Technology blog post about W. Edwards Deming

There's an old, old, old Saturday Night Live skit that always stuck with me, part of the news of the week section, when Voyager became the first man-made object to leave the solar system. The gag was that Voyager had been found, and we had received a message from the aliens who discovered our probe. Part of Voyager was a solid gold phonograph record with music and sounds from Earth, from different ages, and included a little Chuck Berry. The punch line was the alien response- "Send more Chuck Berry!"

In earning my MBA at Nova, I always felt: "Send more Deming!"

Reading Deming gave structure to what I have seen throughout my career. Almost everyone in a workplace starts out, and comes to work every day, trying to do a good job by doing their best. The systems in place, and the way people work around the systems to get their job done, using workarounds in place for years and handed down repeatedly, can be the biggest obstacle to quality and productivity a business faces. Ignoring suggestions from the front lines leads to two things- hands thrown up in the air in frustration, or processes completely different from those structured in the first place. Either way, the system is out of control. I have seen profitable businesses operating like this, with no idea of how much more profitable they would be if people listened to Deming and made the effort to "know what to do".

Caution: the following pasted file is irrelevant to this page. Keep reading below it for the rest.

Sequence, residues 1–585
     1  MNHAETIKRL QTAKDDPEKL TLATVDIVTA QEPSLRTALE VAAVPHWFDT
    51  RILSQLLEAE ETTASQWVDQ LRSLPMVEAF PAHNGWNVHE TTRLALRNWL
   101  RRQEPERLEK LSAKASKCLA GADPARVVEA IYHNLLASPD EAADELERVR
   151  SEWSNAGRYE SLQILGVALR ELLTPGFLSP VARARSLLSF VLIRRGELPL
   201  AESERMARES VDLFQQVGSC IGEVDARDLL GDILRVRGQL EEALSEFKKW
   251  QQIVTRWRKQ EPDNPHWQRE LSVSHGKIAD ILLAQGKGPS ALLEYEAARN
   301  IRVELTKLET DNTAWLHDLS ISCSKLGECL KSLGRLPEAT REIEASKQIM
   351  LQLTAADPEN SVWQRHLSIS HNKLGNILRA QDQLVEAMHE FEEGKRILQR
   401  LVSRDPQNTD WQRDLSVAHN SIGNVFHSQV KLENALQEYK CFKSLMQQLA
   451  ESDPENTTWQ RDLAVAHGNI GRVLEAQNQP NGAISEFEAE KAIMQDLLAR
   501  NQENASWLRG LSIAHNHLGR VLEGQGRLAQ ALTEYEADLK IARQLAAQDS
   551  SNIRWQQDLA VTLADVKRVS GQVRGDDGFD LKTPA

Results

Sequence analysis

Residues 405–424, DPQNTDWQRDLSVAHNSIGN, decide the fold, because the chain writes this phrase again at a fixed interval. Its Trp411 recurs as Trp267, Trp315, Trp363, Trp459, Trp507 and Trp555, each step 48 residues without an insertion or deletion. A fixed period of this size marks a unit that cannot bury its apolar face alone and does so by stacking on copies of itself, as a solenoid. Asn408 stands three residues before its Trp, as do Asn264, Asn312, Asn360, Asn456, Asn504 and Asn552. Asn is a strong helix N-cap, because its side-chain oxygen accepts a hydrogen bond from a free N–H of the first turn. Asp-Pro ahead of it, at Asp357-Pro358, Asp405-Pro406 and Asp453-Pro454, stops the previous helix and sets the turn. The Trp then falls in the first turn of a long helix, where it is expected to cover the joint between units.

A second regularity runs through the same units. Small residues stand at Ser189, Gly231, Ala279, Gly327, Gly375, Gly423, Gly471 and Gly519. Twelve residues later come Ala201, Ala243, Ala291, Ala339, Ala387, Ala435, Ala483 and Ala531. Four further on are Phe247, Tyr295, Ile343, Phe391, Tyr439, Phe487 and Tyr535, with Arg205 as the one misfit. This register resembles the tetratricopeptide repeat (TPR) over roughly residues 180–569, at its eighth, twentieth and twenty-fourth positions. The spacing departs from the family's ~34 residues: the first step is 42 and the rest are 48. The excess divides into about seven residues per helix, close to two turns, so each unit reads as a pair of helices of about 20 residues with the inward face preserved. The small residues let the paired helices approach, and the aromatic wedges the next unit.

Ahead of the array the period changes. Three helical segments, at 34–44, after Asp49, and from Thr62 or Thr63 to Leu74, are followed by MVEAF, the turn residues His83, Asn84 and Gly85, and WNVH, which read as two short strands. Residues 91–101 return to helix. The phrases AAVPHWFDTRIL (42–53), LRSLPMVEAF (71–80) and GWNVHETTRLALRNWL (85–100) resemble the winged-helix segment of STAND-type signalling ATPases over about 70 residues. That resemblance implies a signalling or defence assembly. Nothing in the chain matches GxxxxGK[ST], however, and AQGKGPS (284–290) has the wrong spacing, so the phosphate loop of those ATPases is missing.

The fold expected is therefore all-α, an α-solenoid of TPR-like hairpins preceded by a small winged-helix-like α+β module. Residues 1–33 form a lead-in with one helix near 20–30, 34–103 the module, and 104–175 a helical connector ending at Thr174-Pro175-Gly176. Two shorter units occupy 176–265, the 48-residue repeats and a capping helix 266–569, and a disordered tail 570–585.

Continuous improvement means constantly, with an open mind, examining the tools and processes we use every day. Almost all of us are knowledge workers now, individually doing the work of departments not too long ago. Access to the Internet, big data, mobility, and all our tools don't change the fact that software only tells us what we told it- if our processes and input aren't solid, what our systems tell us is useless. That's where Deming and the 14 points come in.